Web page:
ASF: SAMD20/SAMD21: EEPROM Emulation

The EEPROM emulation driver from the ASF provides pretty much all that is required to properly use the feature. Some of the lower level details like configuration are a little unclear from their documentation.

The emulated EEPROM is for the most part just normal flash memory that your application code is also stored in. The emulated EEPROM is addressed at the end chip’s flash memory where a FUSE byte defines “protected” regions of memory.

So as a quick breakdown of how things work, the SAMD20’s flash is organized as rows and each row consists of 4 pages of 64 bytes.

d20-eeprom-rows

The NVM (Non-volatile memory) operations allows single page reads and writes but erases destroy all four pages in a row. The EEPROM emulator druver Atmel provides deals with row erases and page reads/writes by juggling data for you in a safe manner and it’s the biggest reason to use their API. Application note AT03265 provides a more detailed description.

Chip Configuration

In order to actually use the EEPROM emulation, the SAMD20 must be configured for EEPROM correctly in its fuses. There is a fuse setting called NVMCTRL_EEPROM_SIZE which can be seen with a programmer device like shown below:

d20_fuses.png

The default value is 0x07 which equates to no eeprom section being configured. The datasheet provides the possible values for the setting in Table 20-3.

d20-eeprom-sizes-table

The logical step is to simply need to update NVMTRL_EEPROM_SIZE with a value from the table to allocate an EEPROM section. HOWEVER due to how the ASF driver operates you must have a total of three rows MINIMUM. The reason for the minimum is because the driver needs to reserve a master and a spare row for itself and then it needs at least one row for actual data. Thus the smallest amount of rows allowable with the fuse is with setting 0x04.

Actual EEPROM Size

Atmel’s EEPROM emulator is not the most “space” efficient for storage available in the end. If there are four rows allocated with the fuse bit. Two are gone for the driver’s own usage. The last two rows have a total of 64 bytes * 4 pages total.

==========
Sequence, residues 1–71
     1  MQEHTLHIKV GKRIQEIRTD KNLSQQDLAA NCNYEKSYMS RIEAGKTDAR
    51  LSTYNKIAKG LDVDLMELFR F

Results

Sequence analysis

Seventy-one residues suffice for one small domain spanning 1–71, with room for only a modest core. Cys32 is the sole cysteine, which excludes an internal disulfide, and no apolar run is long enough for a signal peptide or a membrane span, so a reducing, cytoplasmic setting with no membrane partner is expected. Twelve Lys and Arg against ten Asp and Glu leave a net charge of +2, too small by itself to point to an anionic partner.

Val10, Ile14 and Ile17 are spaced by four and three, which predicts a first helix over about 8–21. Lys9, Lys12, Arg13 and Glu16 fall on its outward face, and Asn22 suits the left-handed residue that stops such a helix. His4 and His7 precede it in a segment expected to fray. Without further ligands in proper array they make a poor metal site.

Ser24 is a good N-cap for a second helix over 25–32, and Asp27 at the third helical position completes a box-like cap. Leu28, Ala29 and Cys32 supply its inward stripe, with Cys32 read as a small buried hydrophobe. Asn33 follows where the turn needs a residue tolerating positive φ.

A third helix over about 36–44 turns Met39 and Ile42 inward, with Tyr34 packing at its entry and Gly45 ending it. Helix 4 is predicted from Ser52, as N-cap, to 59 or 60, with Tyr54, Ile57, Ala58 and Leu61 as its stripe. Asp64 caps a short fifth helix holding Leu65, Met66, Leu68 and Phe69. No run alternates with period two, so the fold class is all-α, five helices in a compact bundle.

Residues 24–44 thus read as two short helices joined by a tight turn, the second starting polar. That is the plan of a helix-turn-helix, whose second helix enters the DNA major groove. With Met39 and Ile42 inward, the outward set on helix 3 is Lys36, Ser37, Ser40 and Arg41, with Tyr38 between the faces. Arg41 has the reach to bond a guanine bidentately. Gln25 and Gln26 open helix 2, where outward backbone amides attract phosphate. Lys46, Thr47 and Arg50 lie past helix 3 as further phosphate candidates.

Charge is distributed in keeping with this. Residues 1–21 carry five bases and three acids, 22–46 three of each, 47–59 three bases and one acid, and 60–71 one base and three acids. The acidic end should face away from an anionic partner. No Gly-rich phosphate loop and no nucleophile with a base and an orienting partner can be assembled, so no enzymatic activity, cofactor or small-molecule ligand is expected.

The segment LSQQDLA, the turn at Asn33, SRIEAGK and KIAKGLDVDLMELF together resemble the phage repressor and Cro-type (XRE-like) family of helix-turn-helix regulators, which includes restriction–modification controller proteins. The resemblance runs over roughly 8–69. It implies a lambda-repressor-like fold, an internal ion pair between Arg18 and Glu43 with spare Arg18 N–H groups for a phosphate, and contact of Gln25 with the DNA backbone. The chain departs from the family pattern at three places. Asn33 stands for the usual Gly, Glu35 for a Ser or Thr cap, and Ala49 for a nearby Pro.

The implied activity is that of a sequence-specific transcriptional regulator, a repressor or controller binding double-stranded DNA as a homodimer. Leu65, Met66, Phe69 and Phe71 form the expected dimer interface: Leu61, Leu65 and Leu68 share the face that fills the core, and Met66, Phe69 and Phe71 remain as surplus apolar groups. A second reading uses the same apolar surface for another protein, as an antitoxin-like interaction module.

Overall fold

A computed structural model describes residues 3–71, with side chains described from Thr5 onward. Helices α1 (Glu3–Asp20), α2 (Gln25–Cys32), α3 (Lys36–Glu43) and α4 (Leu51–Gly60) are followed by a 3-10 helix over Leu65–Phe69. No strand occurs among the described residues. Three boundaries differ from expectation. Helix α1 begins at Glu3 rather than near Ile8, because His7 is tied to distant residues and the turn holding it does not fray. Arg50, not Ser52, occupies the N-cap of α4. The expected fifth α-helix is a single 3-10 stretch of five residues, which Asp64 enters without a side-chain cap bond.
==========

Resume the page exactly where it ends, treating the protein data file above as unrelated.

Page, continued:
However, due to how the driver works. Only two of the four pages are actually usable for data. The driver keeps a backup copy of two pages in the same row.

Also, there is a four byte header at the top of every page. This header means that you only get 60 of the 64 bytes total.

So in the end from the two rows there are only four pages of storage. This provides 240 bytes of EEPROM.

Allocated # Rows Actual EEPROM Size (bytes) with ASF Driver
4 240
8 720
16 1680
32 3600
64 7440

Usage

The actual usage of the emulated eeprom service is just as easy as the application note describes.

The first snippet configures the EEPROM. If it fails to init the EEPROM and gets stuck in the while loop. You must likely did not properly perform the steps above to enable the fuse bits. Otherwise it will hit the second trap when the EEPROM is “fresh” i.e. it has never been used before or it is corrupted. In either case it needs to be erased and setup for use.

void configure_eeprom(void)
{
	/* Setup EEPROM emulator service */
	enum status_code error_code = eeprom_emulator_init();
	if (error_code == STATUS_ERR_NO_MEMORY) {
		while (true) {
			/* No EEPROM section has been set in the device's fuses */
		}
	}
	else if (error_code != STATUS_OK) {
		/* Erase the emulated EEPROM memory (assume it is unformatted or
		 * irrecoverably corrupt) */
		eeprom_emulator_erase_memory();
		eeprom_emulator_init();
	}
}

Reading data is as simple as:

	uint8_t page_data[EEPROM_PAGE_SIZE];
	eeprom_emulator_read_page(0, page_data);

Data is read from page 0 into the page_data buffer on demand.

Writing back data is also simple:

	eeprom_emulator_write_page(0, page_data);
	eeprom_emulator_commit_page_buffer();

That writes back the buffered data to page 0.

More

See Adjusting the linker for use of the EEPROM on SAM M0 devices

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